Guitar Repair and Design

I am currently taking a Guitar Repair and Design course under the tutelage of Mike McConville. This man’s a genius, and he’s very very very good at what he does. If you have an unplayable instruments that you area looking to make usable again, he’s your man. If you are looking to enhance your instrument to bring you to the next level of playing, he’s your man.

Anyway, I want to talk a little  bit about Picasso. When I say Picasso, what do you envision?


Perhaps something like this comes to mind. Three Musicians is, after all, one of his most famous pieces. However, here is one of his early works.


Well? Not to shabby for a sixteen year old, huh?

The reason I am taking a course on actual guitar design is to fully understand how *real* instruments function. Not to say that my instruments aren’t real…. but they are certainly not traditional. I’m a firm believer of studying the foundations before attempting to build on top of it.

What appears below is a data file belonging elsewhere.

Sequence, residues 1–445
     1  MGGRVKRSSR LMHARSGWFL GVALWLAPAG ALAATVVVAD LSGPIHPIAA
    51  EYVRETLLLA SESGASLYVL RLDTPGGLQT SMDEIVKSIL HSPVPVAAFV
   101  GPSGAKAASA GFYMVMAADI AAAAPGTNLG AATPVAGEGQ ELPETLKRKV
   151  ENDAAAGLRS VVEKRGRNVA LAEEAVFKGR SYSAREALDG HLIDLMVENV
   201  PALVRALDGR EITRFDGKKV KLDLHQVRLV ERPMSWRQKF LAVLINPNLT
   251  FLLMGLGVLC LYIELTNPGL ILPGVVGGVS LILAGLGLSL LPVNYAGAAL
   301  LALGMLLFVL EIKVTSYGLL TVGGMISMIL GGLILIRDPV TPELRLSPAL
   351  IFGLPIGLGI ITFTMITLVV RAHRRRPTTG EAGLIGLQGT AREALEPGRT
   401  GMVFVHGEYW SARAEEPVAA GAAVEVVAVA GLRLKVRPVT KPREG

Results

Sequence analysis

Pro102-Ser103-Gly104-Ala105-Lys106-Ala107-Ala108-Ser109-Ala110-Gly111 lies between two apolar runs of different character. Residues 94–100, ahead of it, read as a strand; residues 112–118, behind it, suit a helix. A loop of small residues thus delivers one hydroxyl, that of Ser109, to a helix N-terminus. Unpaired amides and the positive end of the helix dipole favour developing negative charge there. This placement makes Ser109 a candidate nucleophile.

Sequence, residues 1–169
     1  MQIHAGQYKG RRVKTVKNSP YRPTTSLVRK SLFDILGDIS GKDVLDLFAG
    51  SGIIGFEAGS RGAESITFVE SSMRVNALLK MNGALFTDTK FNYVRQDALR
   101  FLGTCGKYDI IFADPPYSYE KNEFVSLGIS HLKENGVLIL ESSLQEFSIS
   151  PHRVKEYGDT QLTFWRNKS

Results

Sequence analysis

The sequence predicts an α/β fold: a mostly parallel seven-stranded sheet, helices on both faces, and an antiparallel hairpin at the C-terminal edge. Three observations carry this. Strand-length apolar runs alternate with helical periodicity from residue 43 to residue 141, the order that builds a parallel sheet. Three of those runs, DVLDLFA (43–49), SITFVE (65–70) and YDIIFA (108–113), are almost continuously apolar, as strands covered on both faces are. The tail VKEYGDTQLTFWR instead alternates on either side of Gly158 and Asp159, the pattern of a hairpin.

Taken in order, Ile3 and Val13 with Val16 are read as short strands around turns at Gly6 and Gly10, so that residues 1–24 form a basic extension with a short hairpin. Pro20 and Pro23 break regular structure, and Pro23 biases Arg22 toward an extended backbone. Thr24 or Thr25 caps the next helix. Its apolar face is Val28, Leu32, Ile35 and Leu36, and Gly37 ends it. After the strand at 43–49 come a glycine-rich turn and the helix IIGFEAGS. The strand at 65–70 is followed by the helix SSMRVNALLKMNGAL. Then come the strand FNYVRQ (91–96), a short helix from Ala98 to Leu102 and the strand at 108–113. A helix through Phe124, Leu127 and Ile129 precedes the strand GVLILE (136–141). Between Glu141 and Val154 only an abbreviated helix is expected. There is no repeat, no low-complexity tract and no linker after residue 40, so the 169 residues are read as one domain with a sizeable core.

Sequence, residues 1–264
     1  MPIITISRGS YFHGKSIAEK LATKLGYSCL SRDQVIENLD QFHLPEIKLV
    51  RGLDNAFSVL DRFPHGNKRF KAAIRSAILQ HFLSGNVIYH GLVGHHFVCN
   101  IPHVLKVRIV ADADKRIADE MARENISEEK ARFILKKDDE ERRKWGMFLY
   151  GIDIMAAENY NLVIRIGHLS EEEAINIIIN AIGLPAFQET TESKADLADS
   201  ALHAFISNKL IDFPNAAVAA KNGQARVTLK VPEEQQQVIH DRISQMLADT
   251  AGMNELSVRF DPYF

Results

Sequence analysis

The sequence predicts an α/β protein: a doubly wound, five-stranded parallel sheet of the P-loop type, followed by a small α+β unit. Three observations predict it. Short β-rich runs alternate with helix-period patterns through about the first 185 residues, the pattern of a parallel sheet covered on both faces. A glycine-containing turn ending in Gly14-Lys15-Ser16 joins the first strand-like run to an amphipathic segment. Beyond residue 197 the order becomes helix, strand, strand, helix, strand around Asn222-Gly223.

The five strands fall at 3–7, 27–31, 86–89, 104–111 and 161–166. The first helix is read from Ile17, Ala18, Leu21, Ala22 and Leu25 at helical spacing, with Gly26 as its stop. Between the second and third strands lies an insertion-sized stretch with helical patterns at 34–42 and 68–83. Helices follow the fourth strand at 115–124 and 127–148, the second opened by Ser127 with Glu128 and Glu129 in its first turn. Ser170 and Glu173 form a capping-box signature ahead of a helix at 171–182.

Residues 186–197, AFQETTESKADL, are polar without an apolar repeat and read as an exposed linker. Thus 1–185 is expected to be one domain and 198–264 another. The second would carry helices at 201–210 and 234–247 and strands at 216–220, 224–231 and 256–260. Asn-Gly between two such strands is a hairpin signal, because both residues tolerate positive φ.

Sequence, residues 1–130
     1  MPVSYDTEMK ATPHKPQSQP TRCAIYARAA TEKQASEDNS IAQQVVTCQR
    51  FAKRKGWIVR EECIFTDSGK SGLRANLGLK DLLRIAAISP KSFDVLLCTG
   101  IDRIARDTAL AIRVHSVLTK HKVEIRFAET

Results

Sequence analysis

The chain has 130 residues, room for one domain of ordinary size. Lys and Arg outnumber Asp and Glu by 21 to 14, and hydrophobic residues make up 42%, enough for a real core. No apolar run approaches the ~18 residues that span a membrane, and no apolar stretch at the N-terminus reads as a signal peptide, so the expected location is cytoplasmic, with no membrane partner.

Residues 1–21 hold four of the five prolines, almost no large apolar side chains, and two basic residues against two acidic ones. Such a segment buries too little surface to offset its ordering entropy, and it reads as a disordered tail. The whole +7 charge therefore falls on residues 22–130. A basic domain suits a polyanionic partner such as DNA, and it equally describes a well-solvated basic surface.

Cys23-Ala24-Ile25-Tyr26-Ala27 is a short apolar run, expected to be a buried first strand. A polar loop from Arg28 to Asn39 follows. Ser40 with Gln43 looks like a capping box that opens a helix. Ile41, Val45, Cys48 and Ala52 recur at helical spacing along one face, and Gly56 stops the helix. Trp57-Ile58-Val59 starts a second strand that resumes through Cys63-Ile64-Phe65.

The form factor of guitars have developed over a long time. Learning what works and how it all comes together is a very humbling experience. A lot of thought has gone into making guitars throughout the ages. Stumbling into making my own without learning what I can from the best would simply be blind arrogance.

I am from a visual arts background so my initial instinct is form. I have to continuously remind myself that function precedes form in these cases. At the end of the day, it has to play, and play well, or it is essentially useless.

Therefore, I am happy to say that in order to build better mini instruments, I am learning how a full-sized one operates. On top of that, the course is ridiculously fun! If you have the time and means, I highly recommend it.

Here are some pictures of my latest work on a bass guitar. I am converting it from fretted to fretless. It is still a work in progress.

Leave a Reply

Your email address will not be published. Required fields are marked *